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Topic Title: Combining circuits on CCU to free up breaker
Topic Summary: This isn't right but which reg
Created On: 09 July 2011 04:16 PM
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 09 July 2011 04:16 PM
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johndpar

Posts: 27
Joined: 28 October 2003

Just visited a site where the immersion heater and garage radial have been combined onto one MCB in order to free up an MCB for a new circuit.

The MCB is 16A, and both circuits are 2.5/1.5.

Now the immersion is your standard 3kW so that's 13A at 230V and the garage has a small CCU with the usual breakers for the sockets and lights.

In the garage there is a chest freezer, electric door opener, battery chargers etc.

Clearly the 16A breaker is insufficient for the expected load even with a bit of diversity, but which reg best covers this?

533.2.1 looks possible.

Any thoughts?

Many thanks

John
 09 July 2011 04:39 PM
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johndpar

Posts: 27
Joined: 28 October 2003

OSG 8.5 (17th) covers this but does not list a reg.
 09 July 2011 04:43 PM
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ant1uk

Posts: 2376
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I agree 533.2.1 seems fit for this situation.

If you wanted a cheap fix for this I can't see a problem adding the garage to a ring circuit, just make sure there are MCB's at the garage end to prevent overloading the ring.
 09 July 2011 04:59 PM
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johndpar

Posts: 27
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Hi ant1uk

Not sure about the cheap fix. The 2.5/1.5 cable to the garage would not be sufficiently protected by the 32A mcb feeding the ring. There would need to be a protective device of some sort between the ring and the garage feed. At least in part this feed is 2.5/1.5 (although I hope that changes to SWA somewhere as the garage is detached) so for installation ref method A the max rating is 20A.

(I'll have to check but I suspect the garage CCU has a 16A mcb and 6A mcb so there is another problem anyway as there is no discrimination between the mcb in the main ccu and the mcb in the garage ccu.

Regards

John
 09 July 2011 05:35 PM
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johndpar

Posts: 27
Joined: 28 October 2003

Yup, that would protect the cable but then the mcb in the garage ccu does nothing.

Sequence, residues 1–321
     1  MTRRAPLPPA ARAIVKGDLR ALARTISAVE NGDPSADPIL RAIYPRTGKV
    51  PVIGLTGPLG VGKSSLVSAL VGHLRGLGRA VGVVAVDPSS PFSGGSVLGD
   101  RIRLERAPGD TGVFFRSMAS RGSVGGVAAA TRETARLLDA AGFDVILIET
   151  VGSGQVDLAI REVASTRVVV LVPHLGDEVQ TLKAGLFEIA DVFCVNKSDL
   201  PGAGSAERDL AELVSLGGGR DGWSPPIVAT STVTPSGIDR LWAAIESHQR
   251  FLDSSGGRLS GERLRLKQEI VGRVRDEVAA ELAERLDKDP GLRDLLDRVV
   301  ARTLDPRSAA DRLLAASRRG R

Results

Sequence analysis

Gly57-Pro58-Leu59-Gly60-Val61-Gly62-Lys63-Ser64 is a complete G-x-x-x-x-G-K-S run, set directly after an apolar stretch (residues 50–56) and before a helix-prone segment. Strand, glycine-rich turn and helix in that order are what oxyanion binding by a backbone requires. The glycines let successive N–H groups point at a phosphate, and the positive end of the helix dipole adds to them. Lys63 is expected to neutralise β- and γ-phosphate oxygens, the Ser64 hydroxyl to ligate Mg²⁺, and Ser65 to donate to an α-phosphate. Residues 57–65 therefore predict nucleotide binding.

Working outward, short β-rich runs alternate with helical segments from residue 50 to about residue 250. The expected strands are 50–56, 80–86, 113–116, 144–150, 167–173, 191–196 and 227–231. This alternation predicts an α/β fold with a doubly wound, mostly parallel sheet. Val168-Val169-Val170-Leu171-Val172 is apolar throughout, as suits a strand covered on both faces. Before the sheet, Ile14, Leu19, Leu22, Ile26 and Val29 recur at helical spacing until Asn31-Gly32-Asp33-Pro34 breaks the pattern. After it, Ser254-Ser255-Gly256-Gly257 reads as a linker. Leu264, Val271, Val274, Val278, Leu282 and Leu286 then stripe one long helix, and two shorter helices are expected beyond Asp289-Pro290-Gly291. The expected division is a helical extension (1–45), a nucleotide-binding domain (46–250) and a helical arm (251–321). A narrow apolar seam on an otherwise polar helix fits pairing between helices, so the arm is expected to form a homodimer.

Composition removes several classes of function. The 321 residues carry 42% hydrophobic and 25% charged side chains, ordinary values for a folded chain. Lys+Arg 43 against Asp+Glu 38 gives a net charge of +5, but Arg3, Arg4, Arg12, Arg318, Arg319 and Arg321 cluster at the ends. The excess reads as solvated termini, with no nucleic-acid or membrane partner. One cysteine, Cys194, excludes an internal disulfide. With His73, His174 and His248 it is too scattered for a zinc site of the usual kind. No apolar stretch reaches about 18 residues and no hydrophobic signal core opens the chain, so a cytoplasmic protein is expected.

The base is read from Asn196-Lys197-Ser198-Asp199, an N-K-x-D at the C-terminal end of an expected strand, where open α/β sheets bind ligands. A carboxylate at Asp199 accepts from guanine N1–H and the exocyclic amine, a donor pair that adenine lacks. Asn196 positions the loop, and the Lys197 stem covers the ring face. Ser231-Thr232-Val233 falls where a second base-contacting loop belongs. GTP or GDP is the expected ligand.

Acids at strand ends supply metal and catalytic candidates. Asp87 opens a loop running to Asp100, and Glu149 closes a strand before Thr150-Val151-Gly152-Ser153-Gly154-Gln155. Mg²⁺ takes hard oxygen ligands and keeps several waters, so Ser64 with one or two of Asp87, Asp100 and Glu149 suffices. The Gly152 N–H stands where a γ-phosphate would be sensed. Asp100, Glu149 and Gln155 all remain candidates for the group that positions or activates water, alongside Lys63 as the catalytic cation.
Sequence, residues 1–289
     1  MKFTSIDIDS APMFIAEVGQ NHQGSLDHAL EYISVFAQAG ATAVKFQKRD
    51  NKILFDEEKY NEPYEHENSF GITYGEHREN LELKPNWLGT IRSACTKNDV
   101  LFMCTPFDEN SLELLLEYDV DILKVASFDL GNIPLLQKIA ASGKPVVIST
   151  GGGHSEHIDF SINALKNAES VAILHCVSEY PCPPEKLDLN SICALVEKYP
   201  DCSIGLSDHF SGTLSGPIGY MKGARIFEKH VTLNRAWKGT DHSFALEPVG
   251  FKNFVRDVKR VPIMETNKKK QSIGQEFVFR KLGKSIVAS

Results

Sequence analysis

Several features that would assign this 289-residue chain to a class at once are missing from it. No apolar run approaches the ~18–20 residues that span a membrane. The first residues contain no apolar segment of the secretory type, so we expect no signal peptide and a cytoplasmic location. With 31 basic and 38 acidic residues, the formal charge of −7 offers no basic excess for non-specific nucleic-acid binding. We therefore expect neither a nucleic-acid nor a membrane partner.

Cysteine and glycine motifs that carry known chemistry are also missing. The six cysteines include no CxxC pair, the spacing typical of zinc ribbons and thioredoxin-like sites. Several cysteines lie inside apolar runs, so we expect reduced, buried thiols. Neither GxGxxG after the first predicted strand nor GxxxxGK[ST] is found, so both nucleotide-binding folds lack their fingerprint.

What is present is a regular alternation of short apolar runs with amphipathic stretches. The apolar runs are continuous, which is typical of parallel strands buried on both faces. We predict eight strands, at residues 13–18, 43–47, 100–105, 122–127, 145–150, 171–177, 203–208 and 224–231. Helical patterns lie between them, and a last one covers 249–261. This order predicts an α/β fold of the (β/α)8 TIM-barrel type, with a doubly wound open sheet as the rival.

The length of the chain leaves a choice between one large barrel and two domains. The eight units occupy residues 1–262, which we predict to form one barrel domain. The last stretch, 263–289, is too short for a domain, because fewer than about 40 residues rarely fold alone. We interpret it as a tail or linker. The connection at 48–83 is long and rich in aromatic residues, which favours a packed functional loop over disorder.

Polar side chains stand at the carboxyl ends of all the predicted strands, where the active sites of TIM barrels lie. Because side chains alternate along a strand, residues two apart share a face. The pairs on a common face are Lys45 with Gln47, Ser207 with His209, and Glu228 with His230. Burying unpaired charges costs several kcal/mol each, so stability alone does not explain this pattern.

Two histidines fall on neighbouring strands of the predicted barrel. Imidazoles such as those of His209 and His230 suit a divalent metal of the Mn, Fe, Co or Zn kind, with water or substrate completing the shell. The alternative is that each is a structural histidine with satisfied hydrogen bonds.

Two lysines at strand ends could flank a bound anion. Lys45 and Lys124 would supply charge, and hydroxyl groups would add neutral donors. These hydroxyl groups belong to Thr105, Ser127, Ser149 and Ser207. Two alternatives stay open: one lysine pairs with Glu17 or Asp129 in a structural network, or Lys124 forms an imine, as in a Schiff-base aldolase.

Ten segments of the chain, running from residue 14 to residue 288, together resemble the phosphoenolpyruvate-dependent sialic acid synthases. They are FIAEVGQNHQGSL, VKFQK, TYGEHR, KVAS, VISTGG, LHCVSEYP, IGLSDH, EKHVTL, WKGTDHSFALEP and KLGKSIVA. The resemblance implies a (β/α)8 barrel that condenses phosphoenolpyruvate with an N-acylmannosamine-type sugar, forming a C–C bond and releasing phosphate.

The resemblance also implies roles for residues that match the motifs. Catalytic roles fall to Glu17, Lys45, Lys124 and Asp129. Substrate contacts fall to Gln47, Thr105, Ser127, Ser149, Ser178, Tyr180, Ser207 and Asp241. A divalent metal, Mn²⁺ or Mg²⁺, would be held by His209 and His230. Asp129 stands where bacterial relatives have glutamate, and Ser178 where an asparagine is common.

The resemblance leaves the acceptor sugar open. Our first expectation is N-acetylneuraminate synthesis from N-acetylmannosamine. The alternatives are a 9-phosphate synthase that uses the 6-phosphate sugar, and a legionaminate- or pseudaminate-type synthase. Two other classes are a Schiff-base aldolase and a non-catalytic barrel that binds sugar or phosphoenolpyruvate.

The garage should probably be on a 20A mcb in the main CCU and (I'll have to check the discrimination) then the 16A fuse in the garage CCU might be OK.

Getting back to my original question, does anyone have any other offers of regs that back up OSG App 8.5?

Thanks
John
 09 July 2011 06:20 PM
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ant1uk

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Usually a garage is on a separate 20A mcb. Is there no way you can rearrange any other circuit in the CU to make it a better arrangement. Is it a split 2 rcd board?
 09 July 2011 06:37 PM
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johndpar

Posts: 27
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Yep - easy to re-arrange circuits actually - I'm only reporting on what's wrong at the moment.

John
 09 July 2011 06:46 PM
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johndpar

Posts: 27
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No Probs.

Hope the bad news is not too serious.

John
 09 July 2011 06:55 PM
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davezawadi

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Joined: 26 June 2002

Well a 16A fuse and a 20A breaker will almost always trip the breaker, but this doesn't matter really. Where does this 20A rating for 2.5/1.5 come from, 16 + 6 = 22A which is fine in my book except in exceptional circumstances (domestically speaking). Just have the garage as a spur if you wish, protection is perfectly adequate. The 16A breaker circuit cited in the OP is also probably adequate unless the owner gets a large appliance in the garage. A 16 A breaker will withstand 24A for a long time (Fig 3A4 in regs), so all is well anyway until the owner buys a large welder. MCBs are not necessary Ant, if the ring is overloaded its 32A breaker will protect it just fine. 533.2.1 does not appear to be violated, does it? Has the owner ever tripped the installed 16A breaker?

-------------------------
David
CEng etc, don't ask, its a result not a question!